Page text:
Cuts and bruises are common injuries to the skin. While cuts are deep into the skin often result in and bleeding, bruises are superficial and accompanied by swelling. Depending on the cause of the injury, the harm can range from a scratch to a life-threatening situation.
If a cut is open, wide, or covers a large part of your limb, your healthcare provider may need to stitch it close. If a cut to the chest, stomach or neck is deep, or If you can’t get it to stop bleeding, you must go to a healthcare provider immediately.
When you have a cut or a bruise;
- Wash your hands with clean water and soap. This will prevent germs from your hands infecting the wound.
- Minor scrapes and cuts will usually stop bleeding on their own. If the bleeding does not stop on its own, put a clean bandage or towel over the wound and apply pressure on it. Raise the wounded part and keep the pressure on the wound for at least five to ten minutes.
- Wash the wound under running water or flush it with sachet drinking water. Don't wash the wound with hydrogen peroxide or use iodine to avoid irritating the wound. You can clean the area beside the broken skin with methylated spirit.
- Apply a bit of antibiotic cream (like penicillin ointment) or odour-free vaseline to the cut or scrape, covering it entirely.
- Cover the wound with a bandage and hold it in place with plasters. Make sure that the wound can breathe. To keep the wound clean, change the dressing at least once a day or when it becomes dirty.
- If there is swelling, apply ice packs to the area. You can make an ice pack by wrapping ice blocks in a towel. Place the ice pack on the swelling. Remove it now and then and see if the swelling has gone down.
- If you have not had an anti-tetanus vaccine in the last five years, you should see your healthcare provider about getting one.
Homes should have first aid kits in case of minor injuries especially with children around the house. The first aid kit should contain basic items such as:
- Gloves will keep you safe by protecting you from contact with blood and other body fluids.
- Methylated spirit for cleaning cuts and bruises, and disinfecting them.
- Cotton wool.
- A clean towel.
- A pair of scissors.
You should always provide first aid to an injured person to stop the bleeding. If the injury is not serious, you can cover the wound and care for the person at home.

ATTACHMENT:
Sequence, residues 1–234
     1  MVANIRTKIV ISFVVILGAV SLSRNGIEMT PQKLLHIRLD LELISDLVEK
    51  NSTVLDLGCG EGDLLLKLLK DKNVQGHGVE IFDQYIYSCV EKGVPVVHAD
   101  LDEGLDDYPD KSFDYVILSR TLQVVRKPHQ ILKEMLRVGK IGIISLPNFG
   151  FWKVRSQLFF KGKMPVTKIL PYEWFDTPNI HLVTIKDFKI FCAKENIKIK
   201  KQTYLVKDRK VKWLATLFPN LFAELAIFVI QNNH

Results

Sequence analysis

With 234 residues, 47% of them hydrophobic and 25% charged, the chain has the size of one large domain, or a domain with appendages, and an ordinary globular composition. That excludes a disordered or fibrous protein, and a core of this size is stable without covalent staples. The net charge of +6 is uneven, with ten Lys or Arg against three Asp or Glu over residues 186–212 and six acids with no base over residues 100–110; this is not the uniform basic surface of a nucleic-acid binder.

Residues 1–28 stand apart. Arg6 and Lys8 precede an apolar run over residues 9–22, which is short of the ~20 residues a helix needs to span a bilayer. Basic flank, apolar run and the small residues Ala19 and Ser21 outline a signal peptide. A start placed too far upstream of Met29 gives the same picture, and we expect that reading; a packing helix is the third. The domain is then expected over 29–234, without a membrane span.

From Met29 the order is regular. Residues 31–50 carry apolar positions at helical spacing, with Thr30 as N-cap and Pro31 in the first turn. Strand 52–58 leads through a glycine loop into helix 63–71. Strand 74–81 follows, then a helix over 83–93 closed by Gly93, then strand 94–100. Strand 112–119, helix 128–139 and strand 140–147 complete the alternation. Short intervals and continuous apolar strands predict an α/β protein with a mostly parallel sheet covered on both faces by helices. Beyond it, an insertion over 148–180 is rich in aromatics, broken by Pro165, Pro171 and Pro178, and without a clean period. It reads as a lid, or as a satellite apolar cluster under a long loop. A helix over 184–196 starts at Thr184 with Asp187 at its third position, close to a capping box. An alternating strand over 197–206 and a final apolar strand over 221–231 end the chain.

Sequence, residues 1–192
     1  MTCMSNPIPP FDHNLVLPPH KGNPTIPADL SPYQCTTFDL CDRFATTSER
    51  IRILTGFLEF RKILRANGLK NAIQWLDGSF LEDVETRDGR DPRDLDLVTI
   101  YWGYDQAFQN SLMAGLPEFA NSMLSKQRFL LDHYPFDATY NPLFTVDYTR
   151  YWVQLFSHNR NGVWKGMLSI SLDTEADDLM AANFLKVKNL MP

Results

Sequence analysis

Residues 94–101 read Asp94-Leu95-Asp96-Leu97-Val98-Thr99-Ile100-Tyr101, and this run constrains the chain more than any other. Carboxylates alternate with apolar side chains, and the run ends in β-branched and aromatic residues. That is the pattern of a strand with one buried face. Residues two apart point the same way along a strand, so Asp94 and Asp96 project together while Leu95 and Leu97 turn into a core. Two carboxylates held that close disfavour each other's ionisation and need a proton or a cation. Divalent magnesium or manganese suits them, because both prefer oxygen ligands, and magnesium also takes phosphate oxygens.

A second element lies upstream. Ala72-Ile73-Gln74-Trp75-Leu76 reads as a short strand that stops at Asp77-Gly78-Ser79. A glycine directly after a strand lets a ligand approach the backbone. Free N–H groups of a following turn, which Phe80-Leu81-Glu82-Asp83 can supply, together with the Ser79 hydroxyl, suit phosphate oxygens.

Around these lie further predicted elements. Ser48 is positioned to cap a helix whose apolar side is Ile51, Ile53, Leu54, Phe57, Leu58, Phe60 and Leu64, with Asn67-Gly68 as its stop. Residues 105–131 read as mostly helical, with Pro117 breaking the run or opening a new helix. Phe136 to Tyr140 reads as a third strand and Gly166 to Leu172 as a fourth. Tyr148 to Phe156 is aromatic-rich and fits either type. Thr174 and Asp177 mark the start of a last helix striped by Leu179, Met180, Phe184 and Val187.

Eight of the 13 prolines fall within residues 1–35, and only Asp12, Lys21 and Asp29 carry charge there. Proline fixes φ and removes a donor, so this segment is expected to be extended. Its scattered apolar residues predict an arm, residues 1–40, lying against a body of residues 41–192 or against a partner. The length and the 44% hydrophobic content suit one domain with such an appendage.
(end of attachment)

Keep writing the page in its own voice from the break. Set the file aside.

You should get the person to the healthcare centre if:
- Their injury looks serious. For instance, when a cut is deep or when you are unable to stop the bleeding.
- Their skin is split open or gaping and may need stitches.
- They are in severe pain and do not feel better within 2 hours after taking a pain reliever like paracetamol.
- Are younger than 1 year old.
- There is dirt in the wound that you are unable to remove when cleaning the wound.
- The skin loss from a nasty scrape goes very deep or covers a large area.
- The cut or scrape looks infected (look for redness, red streak or pus).
- The person has not had anti-tetanus vaccines before.
- Keep all sharp objects (especially knives and blades) away from the reach of children and keep them properly stored when not in use.
- Glass wares and ceramics that can break to form sharp edges should be stored out of the reach of children.
- Ensure mirrors and furniture are properly bolted into the wall or other support.
- Play things should be checked regularly that they are free of sharp edges or rust.
- Provide adequate lighting in the home and walking support for elderly people. This will reduce falls in the house.
- Wear appropriate protective clothing, covering your hands and feet and helmets on your head.
- Keep your working area clean and clear of sharp tools.
- Carefully put away tools at the end of the day or when not working with them.
- Always reassess your work area and document any accidents or near misses.
- Train all workers and their supervisors on what to do in the event of an accident.
- Keep first aid kits filled with relevant supplies for injuries and put these kits where they are easily accessible.
- Have emergency numbers displayed in the workspace for access to care.
Get a first aid kit for your home or office, keep the content up to date and filled with items relevant to the likely injuries from that space. Keep important and emergency phone numbers posted on your first aid kit so any caregiver can easily get help when needed.